University of Virginia
Physics Department

Cloud Model of the Atom I

A Physical Science Activity

Student Activity




  1. Place 1 BB in each of the small green balloons. Carefully (without inhaling the B.B.) blow up each green balloon so it is approximately the size of a hen's egg. Tie each off. Each now represents the simplest possible atom, hydrogen. Strictly speaking, the model of hydrogen is incomplete as no nucleus is present, but one can imagine the presence of a nucleus at the center of the balloon. Rotate one of the balloons so the BB moves around on the inner wall. Then, add energy to the atom model by spinning the balloon faster. As in a real atom, the electron reflects the added energy. In a real atom, the electron will "jump" to a new energy level. In the model, the electron simply moves faster.
  2. For a more complex atom, place 2 BB's in the small red balloon. Place 6 BB's in the large red balloon. Insert the uninflated small red balloon into the large red balloon. Hold the ends of the balloons together and carefully inflate the small red balloon while it remains inside the large balloon. Only inflate it enough so the walls stand out away from the B.B.'s. Tie it off. Next, inflate the large red balloon while continuing to push the small red balloon farther inside. Continue to inflate the large red balloon until it is significantly larger than the small balloon now inside. Tie off the large balloon. This atom now contains 8 electrons and represents oxygen. The 8 electrons are grouped as 2 in the inner orbital (balloon) and 6 in the outer. Though this model is still deficient in that atoms are not distributed into orbitals, it still demonstrates that they occupy varying distances from the nucleus.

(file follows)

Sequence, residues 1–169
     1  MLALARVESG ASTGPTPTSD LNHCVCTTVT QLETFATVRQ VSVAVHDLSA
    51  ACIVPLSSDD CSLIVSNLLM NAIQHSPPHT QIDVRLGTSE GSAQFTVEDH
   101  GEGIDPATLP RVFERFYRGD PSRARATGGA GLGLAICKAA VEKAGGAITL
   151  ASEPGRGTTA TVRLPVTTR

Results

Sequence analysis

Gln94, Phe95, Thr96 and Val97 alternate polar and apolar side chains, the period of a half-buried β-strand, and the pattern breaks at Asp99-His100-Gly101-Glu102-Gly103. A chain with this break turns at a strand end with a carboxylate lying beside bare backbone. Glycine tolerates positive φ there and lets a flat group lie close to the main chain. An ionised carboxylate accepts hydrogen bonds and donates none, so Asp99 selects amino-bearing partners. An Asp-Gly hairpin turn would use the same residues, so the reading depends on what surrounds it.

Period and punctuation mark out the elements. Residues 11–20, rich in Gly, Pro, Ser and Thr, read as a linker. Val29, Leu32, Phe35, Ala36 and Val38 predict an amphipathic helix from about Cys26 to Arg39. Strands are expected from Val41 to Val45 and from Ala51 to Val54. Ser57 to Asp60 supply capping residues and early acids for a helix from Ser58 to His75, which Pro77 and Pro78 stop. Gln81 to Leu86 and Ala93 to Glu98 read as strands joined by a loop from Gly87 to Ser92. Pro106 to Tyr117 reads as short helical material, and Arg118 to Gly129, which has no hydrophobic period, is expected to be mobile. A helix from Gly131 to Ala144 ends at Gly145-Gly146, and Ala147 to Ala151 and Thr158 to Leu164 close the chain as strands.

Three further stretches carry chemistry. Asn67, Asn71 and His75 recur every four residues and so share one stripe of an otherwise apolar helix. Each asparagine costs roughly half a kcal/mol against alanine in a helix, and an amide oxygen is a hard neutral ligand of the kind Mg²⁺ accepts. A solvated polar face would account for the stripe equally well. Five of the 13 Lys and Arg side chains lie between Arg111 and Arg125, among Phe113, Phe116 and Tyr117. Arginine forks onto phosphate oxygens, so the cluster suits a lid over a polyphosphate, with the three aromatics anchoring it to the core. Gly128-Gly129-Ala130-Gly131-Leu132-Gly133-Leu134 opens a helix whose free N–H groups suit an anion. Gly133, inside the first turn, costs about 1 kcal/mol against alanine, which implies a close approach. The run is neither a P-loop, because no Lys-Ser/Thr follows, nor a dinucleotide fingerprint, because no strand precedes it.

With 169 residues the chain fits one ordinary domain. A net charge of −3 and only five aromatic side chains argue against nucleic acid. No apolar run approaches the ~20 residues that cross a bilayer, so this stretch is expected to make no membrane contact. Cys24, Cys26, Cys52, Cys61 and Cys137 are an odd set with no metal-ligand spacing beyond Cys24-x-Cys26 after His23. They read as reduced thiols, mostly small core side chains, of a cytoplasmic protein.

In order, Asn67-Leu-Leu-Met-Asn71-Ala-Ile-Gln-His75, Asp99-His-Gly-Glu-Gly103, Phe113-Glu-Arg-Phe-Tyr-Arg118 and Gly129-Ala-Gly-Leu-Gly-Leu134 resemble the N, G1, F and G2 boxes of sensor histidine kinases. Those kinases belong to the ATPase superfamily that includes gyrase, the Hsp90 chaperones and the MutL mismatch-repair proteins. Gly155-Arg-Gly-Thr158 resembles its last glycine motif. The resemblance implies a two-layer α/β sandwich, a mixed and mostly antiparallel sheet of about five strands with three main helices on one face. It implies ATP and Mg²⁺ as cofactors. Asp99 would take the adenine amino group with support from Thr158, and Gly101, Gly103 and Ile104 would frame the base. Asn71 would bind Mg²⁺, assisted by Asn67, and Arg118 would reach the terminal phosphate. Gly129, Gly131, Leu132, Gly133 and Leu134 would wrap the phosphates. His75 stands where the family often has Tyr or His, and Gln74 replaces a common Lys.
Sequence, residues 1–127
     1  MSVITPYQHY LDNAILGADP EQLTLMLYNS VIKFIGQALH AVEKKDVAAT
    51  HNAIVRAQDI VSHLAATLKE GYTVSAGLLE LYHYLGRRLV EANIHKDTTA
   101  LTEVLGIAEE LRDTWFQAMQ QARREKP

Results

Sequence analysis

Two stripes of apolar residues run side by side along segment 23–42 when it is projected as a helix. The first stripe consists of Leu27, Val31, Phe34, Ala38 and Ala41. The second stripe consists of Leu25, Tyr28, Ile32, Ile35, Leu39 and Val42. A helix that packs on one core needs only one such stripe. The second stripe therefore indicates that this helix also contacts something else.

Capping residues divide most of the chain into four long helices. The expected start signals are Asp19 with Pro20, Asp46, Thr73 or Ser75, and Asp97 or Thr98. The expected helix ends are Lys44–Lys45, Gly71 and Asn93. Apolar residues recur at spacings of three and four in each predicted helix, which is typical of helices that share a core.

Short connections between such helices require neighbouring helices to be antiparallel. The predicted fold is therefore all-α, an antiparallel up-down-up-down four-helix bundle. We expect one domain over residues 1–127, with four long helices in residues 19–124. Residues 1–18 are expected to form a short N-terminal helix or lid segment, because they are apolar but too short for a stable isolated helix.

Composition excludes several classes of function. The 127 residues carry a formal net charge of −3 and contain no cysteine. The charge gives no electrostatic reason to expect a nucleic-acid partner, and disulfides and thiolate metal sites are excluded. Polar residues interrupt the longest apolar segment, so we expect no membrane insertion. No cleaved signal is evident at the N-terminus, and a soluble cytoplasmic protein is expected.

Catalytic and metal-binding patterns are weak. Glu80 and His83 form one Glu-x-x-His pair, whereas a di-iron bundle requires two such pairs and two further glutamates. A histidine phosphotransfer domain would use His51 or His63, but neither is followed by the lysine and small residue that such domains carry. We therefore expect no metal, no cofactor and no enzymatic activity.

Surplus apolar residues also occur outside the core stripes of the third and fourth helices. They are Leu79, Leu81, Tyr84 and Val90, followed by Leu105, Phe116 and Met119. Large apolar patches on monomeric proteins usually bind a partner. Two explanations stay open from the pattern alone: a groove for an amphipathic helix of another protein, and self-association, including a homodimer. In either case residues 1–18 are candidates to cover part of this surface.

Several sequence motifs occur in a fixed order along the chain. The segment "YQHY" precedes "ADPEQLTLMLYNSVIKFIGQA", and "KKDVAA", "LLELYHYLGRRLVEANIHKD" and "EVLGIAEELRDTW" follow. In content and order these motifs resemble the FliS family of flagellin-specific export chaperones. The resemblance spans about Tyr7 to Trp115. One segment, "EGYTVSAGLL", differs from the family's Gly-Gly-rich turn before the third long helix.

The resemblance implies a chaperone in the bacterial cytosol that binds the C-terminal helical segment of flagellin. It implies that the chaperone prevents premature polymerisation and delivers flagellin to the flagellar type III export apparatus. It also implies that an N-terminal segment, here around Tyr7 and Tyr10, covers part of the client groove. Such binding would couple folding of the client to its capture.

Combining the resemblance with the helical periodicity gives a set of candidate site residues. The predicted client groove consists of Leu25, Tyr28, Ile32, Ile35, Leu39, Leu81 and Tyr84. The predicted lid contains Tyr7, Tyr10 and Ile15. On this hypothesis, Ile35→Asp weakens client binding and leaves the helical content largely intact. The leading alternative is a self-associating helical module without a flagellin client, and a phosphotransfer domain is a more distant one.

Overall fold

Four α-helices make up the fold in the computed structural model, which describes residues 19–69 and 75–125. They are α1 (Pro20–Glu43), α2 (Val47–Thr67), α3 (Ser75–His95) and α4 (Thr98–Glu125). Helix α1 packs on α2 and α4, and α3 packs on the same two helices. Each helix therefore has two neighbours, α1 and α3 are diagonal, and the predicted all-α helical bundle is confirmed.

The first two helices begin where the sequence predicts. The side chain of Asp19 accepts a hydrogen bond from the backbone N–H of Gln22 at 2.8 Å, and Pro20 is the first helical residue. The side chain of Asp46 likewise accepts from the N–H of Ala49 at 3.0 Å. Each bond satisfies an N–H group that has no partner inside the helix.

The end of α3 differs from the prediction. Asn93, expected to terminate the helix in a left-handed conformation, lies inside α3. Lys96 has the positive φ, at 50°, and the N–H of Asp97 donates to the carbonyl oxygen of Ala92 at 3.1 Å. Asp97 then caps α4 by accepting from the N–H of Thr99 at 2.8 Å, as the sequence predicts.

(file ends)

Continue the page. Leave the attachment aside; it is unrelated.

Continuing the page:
3. The oxygen atomic model and hydrogen atomic models can further be combined to represent a water molecule that would demonstrate the stability of an octet of electrons in the outer valence levels of atoms involved in chemical bonds.